This is the story of Sue and Sam. It may not be your story--- I certainly hope it isn't--- but it will sound familiar to a great many readers. Almost everyone knows of a couple that is no longer a couple because one spouse betrayed the trust of the other.

Sam is a bit of a wheeler-dealer. He has interests in a multitude of businesses. He seems to be able to keep up with them all. His neighbors resent his expansiveness. They are bothered by his success. "He's a high roller," some say.   Others whisper, behind his back, that he borrows too much money from too many lenders. Someday, they say, he'll get into trouble.

Even so, when Sam enters a room, he has everyone's attention. He tends to get his way. Those who are close to him say his heart is in the right place. Those who aren't so close aren't so sure.

Sue is a very different kind of person. She's quiet. She's interested in security. She's cautious. She doesn't talk much. If Sam and Sue visit, you'll know a lot more about Sam at the end of the evening than you will know about Sue.

Nonetheless, Sue is very people oriented. Unlike Sam, she has devoted her work life to a single business. She provides a service for the elderly and disabled. While her business has grown rapidly, it is still much smaller than the razzle-dazzle collection of businesses that Sam runs.

Sue doesn't like to borrow money. She also doesn't like investing it. She wants her investments to be castle-keep safe. If she could, she would keep her savings in a coffee can, but she knows that doesn't make sense.

So she asks Sam to invest for her. "I don't want to take risks. I don't want to make the top return," she tells him, "I just want the money to be safe. I also want it to be available when I need it."

"I understand," Sam tells her, "So you shouldn't invest it in any of my businesses. This is what we'll do. I'll give you an IOU each time you give me money. I'll pay you interest on each IOU. That way you'll know how much money you have. It will grow every year. You would probably do better investing elsewhere, but you'll know your money is safe with me."

This arrangement works fine for years. Sue gives Sam money. Sam gives Sue an IOU.

Then he tells her how much her interest has increased her savings.

Then, as planned, Sue needs to redeem some of the IOUs.

"I haven't got the money," Sam confesses. "It's all been used in my businesses.   I can't get it out. In fact, I'm having to borrow money--- a lot of money--- just to keep my businesses going."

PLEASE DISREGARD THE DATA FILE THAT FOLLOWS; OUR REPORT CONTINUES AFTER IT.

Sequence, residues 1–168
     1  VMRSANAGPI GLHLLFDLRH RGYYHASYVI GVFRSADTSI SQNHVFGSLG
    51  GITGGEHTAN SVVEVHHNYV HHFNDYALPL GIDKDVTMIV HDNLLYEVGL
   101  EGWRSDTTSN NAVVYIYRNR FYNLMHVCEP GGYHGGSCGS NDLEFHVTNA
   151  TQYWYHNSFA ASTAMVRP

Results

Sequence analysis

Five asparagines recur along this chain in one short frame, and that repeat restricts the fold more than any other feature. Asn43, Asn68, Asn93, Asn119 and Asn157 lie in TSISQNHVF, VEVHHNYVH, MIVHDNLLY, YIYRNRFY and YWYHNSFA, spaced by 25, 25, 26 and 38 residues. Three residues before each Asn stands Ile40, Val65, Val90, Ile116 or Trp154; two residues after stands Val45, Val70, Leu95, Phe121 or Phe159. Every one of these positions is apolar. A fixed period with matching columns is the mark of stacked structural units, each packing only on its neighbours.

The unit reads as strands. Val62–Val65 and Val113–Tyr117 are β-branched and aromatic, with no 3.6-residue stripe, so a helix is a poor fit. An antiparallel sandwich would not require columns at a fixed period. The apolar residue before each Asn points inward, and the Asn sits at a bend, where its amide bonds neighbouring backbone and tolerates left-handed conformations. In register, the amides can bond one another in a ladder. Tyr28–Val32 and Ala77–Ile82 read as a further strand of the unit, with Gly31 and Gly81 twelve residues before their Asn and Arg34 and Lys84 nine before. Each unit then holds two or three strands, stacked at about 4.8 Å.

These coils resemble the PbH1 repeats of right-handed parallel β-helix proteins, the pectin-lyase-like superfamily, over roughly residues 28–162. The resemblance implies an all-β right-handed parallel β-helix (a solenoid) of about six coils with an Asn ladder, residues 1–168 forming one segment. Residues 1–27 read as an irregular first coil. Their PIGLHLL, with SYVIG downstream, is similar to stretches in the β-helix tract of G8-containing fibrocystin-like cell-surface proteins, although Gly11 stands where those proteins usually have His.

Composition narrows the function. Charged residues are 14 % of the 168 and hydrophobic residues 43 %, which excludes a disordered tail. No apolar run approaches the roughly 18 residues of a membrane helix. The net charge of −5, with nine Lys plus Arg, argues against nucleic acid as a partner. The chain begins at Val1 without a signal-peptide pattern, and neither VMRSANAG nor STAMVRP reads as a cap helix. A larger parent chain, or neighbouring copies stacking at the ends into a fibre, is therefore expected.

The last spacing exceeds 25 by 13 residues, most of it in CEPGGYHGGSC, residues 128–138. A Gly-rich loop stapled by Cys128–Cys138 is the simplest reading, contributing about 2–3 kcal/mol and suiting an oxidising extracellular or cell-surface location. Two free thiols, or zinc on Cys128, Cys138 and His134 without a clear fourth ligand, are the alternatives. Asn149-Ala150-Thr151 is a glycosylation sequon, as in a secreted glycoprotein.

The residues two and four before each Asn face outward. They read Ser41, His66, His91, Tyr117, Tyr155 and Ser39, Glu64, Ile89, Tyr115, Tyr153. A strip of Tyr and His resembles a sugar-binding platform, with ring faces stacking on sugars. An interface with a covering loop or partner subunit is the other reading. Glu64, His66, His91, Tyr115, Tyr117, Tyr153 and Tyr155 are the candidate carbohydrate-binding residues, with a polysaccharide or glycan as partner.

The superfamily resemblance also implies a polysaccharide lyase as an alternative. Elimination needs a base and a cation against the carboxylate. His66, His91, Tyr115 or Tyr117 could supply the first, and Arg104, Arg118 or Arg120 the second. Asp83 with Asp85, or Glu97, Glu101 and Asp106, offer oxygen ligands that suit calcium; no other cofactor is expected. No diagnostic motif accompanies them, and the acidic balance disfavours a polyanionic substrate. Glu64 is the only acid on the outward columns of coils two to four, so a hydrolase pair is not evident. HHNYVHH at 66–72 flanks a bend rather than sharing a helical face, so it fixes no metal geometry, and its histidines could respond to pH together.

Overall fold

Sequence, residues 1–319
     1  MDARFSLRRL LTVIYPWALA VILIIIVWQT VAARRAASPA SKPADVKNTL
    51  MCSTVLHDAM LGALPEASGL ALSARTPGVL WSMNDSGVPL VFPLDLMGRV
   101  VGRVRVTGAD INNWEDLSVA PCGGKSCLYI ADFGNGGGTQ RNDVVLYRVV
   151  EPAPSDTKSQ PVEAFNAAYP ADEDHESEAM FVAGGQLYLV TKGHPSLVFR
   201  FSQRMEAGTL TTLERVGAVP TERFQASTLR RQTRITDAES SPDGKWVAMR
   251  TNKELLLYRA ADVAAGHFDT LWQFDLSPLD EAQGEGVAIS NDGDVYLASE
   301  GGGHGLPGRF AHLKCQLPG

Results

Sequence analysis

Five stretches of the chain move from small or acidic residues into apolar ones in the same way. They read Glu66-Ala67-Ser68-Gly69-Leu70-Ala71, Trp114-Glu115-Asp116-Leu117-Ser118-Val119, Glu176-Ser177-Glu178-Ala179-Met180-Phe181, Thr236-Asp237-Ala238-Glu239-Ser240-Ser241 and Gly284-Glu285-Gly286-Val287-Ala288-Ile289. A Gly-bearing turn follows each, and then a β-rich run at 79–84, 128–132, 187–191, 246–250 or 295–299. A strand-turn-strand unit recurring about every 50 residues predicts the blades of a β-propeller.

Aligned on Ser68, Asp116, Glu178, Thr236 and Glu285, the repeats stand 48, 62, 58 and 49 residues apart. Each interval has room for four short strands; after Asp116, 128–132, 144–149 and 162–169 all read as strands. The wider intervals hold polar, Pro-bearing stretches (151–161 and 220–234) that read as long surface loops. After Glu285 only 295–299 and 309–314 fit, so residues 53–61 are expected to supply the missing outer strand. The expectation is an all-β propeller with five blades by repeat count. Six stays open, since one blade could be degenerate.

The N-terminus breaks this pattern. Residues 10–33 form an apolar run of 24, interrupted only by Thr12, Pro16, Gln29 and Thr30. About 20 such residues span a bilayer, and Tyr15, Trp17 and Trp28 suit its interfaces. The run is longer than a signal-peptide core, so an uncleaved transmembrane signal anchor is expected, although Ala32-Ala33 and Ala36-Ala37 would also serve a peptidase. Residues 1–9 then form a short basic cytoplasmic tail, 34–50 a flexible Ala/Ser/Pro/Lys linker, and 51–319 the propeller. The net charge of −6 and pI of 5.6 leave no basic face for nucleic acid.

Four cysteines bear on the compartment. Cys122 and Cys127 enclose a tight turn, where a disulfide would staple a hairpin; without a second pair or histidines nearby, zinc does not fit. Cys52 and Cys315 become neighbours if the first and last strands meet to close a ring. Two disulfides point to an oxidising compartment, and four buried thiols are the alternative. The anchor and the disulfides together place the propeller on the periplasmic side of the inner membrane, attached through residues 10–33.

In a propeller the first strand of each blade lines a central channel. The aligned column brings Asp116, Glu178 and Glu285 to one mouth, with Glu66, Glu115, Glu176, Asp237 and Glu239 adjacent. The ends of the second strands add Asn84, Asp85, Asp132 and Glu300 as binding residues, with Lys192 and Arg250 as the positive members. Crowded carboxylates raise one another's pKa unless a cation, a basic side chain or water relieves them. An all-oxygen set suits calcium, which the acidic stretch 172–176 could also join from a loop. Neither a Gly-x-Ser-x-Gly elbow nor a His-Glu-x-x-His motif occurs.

"Gee, Sam, that isn't the arrangement we made. You said the money would be available when I needed it. Can you borrow some extra money and redeem some of your IOUs? If you don't, I'll be in a real jam," Sue tells Sam.

"I'll try," Sam answers.

For the first time, they visit a lender together. "Are you aware that you are insolvent?" the lender asks.

"Who's insolvent?" Sue says, "I have plenty of money. Sam owes it to me."

"I'm sorry," the lender responds, "but it doesn't work that way. We see you and Sam as a unit. Sam's IOUs may be an asset to you but they are also a liability of his. From my chair, your asset and his liability cancel each other."

"Can I sell the IOUs to someone else?" Sue asks, a little desperate.

"To whom? Sam already owes money everywhere. A buyer would only pay pennies on the dollar because he knows he'll have to collect the money from Sam," the lender explains.

"My interest as a lender is how you, as a couple, will pay back the money you want to borrow from me. Your marital arrangements aren't my concern. To me, it looks as though Sue needs money and can't get it from Sam. And Sam needs so much new money he won't be able to pay back what he's already borrowed.

"If we lend Sam any money at all, it will have a lot of strings attached. It's doubtful, for instance, that we would allow him to pay off any of his IOUs to you before he paid off his debt to us," the lender said.

Is this just another overspending couple?

It is until you start adding lots of zeros to the numbers.

As this is written, Social Security (AKA Sue) holds over a trillion dollars in IOUs from Uncle Sam (AKA Sam).   Social Security, still trusting Uncle Sam, is currently telling its clients that its IOU collection (the Social Security Trust fund) won't be exhausted until 2042.

The important date, however, isn't 2042. It's sometime between 2013 and 2018. That's when Social Security and Medicare will start to pay out more in benefits than they collect in employment taxes. That's when Sue will go to Sam and ask to redeem some IOUs.

Expect trouble.

Related Web Sites:

Status of the Social Security and Medicare Programs, 2003